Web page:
The Dentist Magazine.

Shift the balance, but fitness to practise must come first

Published: 27/04/2017

The British Dental Association (BDA) has told the General Dental Council (GDC) it must focus on the fundamentals and fix fitness to practise, as it responded to plans set out in the regulator’s Shifting the Balance document.

Of the nearly 2,300 dentists who took part in a wide-ranging BDA survey, 71 per cent said they wanted to see making fitness to practise fit for purpose the GDC’s number one priority, with ideas for expansion of the regulator’s remit and activities all scoring poorly. Nineteen per cent put the GDC’s signature concept of ‘upstreaming’ – focusing on reducing the likelihood of harm arising in the first place – as a top priority.

The survey also revealed the profession appears open-minded about ministerial plans to merge health regulators. Two-thirds of respondents said they would support a dedicated dental regulator, but a similar proportion would back amalgamation if greater efficiencies could be achieved.

Despite official claims that the Dental Complaints Service (DCS) is well regarded among the profession, the survey has also pointed to significant concerns from those with direct experience of the service, and support for moving complaint handling away from the regulator – with only 13 per cent of respondents supporting the GDC’s continuing role in this area.

The BDA has now called for a formal, independent review of the DCS before any consideration is given to extending its remit.

BDA Chair Mick Armstrong said: 

“We asked dentists what they would change about dental regulation. They painted a picture of an overbearing regulator that really needs to focus.

“Dentists want a watchdog that can get the basics right, and that has to start with fitness to practise. Talk of expanded remits and ‘state of the nation’ reports are the wrong priorities when the GDC cannot deliver on the fundamentals.

“Colleagues appear open-minded about upstreaming. There is a place for blue-sky thinking in regulation and we recognise that fixing things before they get to the regulator makes sense for patients and practitioners alike. But it is the view of this profession that the GDC’s core statutory responsibilities must come first.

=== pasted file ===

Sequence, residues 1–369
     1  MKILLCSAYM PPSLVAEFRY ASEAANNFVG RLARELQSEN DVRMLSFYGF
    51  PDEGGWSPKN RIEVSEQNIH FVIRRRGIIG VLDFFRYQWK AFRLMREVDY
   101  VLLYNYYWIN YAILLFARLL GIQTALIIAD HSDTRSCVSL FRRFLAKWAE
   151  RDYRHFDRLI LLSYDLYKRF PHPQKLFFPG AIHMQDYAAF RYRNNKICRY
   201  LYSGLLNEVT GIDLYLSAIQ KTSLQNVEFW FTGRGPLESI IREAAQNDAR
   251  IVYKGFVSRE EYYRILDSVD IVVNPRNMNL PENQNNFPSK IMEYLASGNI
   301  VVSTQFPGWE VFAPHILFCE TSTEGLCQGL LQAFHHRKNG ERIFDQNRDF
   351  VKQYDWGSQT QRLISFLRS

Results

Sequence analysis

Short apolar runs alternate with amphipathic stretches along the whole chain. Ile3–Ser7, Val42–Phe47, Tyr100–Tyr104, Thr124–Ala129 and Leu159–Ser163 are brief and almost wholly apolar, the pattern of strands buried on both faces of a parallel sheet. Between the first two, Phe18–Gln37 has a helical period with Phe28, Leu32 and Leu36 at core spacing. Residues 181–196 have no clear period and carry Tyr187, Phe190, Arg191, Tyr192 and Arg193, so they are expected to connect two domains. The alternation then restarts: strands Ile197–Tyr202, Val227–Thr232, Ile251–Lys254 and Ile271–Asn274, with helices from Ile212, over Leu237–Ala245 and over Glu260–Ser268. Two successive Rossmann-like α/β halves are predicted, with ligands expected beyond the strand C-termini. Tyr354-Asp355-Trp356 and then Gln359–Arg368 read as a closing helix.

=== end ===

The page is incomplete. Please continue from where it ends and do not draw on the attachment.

“Our members would like to support a dental-only regulator, but not at any cost. Dentists are realists when it comes to plans for merger and, clearly, many doubt the GDC is capable of putting its own house in order. We will be equally pragmatic as we continue to push for a regulator capable of working with and understanding this profession.”

The BDA’s response isavailable to download

Headline points

  • Confidence – Confidence among dentists in the GDC’s ability to deliver on its reform agenda remains low, with 87 per cent of respondents to our survey neither ‘confident’ nor ‘very confident’ in the council.
  • Priorities –Fixing fitness to practise is the top priority of dentists, with 71 per cent of respondents putting it as the number one priority for reform. Other planned changes – such as expansion of the Dental Complaints Service, providing information about dentistry for the public and a regular state of the nation report on dentistry – were each viewed as top priority by less than 4 per cent of respondents.
  • Respondents were open minded about ‘upstreaming’ – refocusing GDC effort to try to reduce the likelihood of harm arising in the first place – this was a top priority for 19 per cent of respondents and the second most important priority after getting FTP right.
  • Merger –65 per cent of respondents expressed a preference for a dedicated dental regulator – but a similar proportion (62 per cent) said they would support an amalgamated health care regulator if greater efficiencies could be achieved.
  • Support for dental regulation comes with conditions, including overwhelming support among 94 per cent of respondents for the chair of any dental regulatory body being a dentist.
  • The Annual Retention Fee – the ARF was raised in 2014, specifically on the basis of anticipated complaint levels and FTP action in 2015 and 2016. This was contentious at the time, but now that complaint levels have not increased as predicted, 88 per cent of respondents support a reduction.
  • Eighty-two per cent of respondents would support the ability to have the option to pay the ARF by monthly or quarterly instalments – even if this could mean a slightly higher fee.
  • Dental Complaints Service (DCS) – 55 per cent of those who had experience of the DCS rated the experience as ‘poor’, with 18 per cent rating it as ‘fair’; only just under 12 per cent rated it as ‘good’ and 2.5 per cent as ‘excellent’. This clearly contrasts with the assurances given by the GDC and the DCS. 
  • There is significant support for moving any expanded complaint handling service away from the GDC. Thirty-nine per cent of respondents wanted LDCs to play a major role in the provision of such a service, which would also support the move of complaints handling to the local level. Only 13 per cent of respondents supported the GDC’s continuing role in this area.
  • Defensive dentistry – the pressure to practise ‘defensive dentistry’ emerged as a key theme in free text responses – without any external prompts. This cannot be in the interest of patients and is also not in the interest of a profession that, by definition, relies on scientific evidence to do the best for the patients it serves and is keen on developing new skills.